Buy instant access to cite pages or passages in MLA, APA and Chicago citation styles.

(Einhorn, 1992, p. 25)

(Einhorn 25)

1. Lois J. Einhorn, Abraham Lincoln, the Orator: Penetrating the Lincoln Legend (Westport, CT: Greenwood Press, 1992), 25, http://www.questia.com/read/27419298.

Cited page

Bookmark this page
Casting the Runes and Other Ghost Stories
Table of contents

Table of contents

  • Title Page *
  • Contents v
  • Acknowledgments vii
  • Introduction xi
  • Note on the Text xxxi
  • Select Bibliography xxxiii
  • A Chronology of M. R. James xxxvi
  • 'Casting the Runes' and Other Ghost Stories xxxix
  • Canon Alberic's Scrap-Book 1
  • The Mezzotint 14
  • Number 13 26
  • Count Magnus 43
  • 'Oh, Whistle, and I'Ll Come to You, My Lad' 57
  • The Treasure of Abbot Thomas 78
  • A School Story 97
  • The Rose Garden 105
  • The Tractate Middoth 117
  • Casting the Runes 135
  • The Stalls of Barchester Cathedral 157
  • Mr Humphreys and His Inheritance 172
  • The Diary of Mr Poynter 199
  • An Episode of Cathedral History 210
  • The Uncommon Prayer-Book 228
  • A Neighbour's Landmark 244
  • A Warning to the Curious 257
  • Rats 275
  • The Experiment 281
  • The Malice of Inanimate Objects 288
  • A Vignette 293
  • Explanatory Notes 299
  • Appendix - M. R. James on Ghost Stories 337
Settings

Settings

Typeface
Text size Smaller Larger Reset View mode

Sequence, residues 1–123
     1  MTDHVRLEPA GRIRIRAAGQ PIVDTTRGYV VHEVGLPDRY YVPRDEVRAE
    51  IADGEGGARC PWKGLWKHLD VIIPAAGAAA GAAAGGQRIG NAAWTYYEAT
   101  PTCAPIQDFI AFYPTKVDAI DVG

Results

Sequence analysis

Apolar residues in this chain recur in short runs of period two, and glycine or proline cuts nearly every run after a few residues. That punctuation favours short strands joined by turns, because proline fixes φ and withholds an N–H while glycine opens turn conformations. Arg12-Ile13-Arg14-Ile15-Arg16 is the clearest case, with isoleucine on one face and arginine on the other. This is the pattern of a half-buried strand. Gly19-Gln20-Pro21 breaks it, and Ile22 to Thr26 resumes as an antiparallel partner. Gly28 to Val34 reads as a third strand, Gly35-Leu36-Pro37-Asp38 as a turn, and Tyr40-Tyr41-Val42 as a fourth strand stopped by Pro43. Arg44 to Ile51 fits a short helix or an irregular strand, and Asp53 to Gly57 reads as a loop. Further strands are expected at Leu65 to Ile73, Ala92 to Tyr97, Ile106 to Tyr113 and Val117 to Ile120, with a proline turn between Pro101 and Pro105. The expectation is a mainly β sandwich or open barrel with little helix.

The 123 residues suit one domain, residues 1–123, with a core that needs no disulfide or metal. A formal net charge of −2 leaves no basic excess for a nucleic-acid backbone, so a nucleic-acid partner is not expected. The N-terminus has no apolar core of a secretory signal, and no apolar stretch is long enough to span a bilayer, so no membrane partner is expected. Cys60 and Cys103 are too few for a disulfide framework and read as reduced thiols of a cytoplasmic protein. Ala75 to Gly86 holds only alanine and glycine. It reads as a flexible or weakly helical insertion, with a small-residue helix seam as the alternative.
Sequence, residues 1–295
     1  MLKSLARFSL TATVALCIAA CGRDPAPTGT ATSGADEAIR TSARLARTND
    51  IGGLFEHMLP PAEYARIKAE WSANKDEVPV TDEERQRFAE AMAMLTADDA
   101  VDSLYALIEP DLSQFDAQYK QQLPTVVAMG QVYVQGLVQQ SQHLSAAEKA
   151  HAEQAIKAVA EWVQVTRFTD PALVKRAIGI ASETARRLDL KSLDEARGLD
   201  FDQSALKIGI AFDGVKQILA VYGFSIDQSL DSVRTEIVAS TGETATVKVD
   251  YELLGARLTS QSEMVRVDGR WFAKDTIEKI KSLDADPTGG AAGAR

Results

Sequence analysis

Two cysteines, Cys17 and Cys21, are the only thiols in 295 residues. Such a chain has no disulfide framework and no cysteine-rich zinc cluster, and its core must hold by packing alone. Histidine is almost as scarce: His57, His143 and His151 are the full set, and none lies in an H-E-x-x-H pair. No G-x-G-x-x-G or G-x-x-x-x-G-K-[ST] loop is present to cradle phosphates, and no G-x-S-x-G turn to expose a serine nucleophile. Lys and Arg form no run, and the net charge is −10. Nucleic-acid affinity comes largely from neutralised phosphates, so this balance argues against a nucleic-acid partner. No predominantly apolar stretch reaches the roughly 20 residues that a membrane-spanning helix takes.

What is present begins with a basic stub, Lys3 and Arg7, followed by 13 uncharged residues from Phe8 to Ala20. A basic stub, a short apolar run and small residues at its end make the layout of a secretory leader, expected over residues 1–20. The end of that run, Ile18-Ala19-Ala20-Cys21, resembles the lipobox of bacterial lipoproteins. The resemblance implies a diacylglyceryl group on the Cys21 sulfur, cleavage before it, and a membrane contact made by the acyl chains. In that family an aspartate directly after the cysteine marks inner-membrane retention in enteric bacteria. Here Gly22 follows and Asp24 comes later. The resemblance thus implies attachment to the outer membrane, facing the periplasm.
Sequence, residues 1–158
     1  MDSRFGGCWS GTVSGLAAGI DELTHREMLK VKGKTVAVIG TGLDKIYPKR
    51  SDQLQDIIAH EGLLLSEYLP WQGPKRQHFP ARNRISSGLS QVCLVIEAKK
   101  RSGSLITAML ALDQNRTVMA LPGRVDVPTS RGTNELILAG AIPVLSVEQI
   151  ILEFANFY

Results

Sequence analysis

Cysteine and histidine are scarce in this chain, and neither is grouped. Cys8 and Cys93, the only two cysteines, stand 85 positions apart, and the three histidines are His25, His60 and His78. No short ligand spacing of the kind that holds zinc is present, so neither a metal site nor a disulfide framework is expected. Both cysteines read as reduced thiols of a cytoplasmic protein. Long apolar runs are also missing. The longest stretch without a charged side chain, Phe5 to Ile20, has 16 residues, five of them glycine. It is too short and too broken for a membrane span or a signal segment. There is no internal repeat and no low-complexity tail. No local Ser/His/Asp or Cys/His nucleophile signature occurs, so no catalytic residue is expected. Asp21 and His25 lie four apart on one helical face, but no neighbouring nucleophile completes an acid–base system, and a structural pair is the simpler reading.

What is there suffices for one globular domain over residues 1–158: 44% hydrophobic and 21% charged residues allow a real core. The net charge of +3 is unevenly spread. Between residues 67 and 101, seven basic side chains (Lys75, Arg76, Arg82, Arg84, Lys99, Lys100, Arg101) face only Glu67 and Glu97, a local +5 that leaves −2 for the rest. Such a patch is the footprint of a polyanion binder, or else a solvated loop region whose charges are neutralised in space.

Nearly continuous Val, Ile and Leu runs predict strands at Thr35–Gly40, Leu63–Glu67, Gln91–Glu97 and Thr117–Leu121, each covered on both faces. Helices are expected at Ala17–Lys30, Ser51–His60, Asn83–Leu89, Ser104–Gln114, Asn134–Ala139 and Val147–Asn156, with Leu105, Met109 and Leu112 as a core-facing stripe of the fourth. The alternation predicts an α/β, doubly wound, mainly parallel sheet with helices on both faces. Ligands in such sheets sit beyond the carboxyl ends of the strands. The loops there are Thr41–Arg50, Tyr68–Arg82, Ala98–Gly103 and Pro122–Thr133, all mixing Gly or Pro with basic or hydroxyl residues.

Search within

Search within this book

Look up

Look up a word

  • Dictionary
  • Thesaurus
Please submit a word or phrase above.
Print this page

Print this page

Why can't I print more than one page at a time?

Help
Full screen
/ 360

matching results for page

    Questia reader help

    How to highlight and cite specific passages

    1. Click or tap the first word you want to select.
    2. Click or tap the last word you want to select, and you’ll see everything in between get selected.
    3. You’ll then get a menu of options like creating a highlight or a citation from that passage of text.

    OK, got it!

    Cited passage

    Style
    Citations are available only to our active members.
    Buy instant access to cite pages or passages in MLA, APA and Chicago citation styles.

    "Portraying himself as an honest, ordinary person helped Lincoln identify with his audiences." (Einhorn, 1992, p. 25).

    "Portraying himself as an honest, ordinary person helped Lincoln identify with his audiences." (Einhorn 25)

    "Portraying himself as an honest, ordinary person helped Lincoln identify with his audiences."1

    1. Lois J. Einhorn, Abraham Lincoln, the Orator: Penetrating the Lincoln Legend (Westport, CT: Greenwood Press, 1992), 25, http://www.questia.com/read/27419298.

    Cited passage

    Thanks for trying Questia!

    Please continue trying out our research tools, but please note, full functionality is available only to our active members.

    Your work will be lost once you leave this Web page.

    Buy instant access to save your work.

    Already a member? Log in now.

    Author Advanced search

    Oops!

    An unknown error has occurred. Please click the button below to reload the page. If the problem persists, please try again in a little while.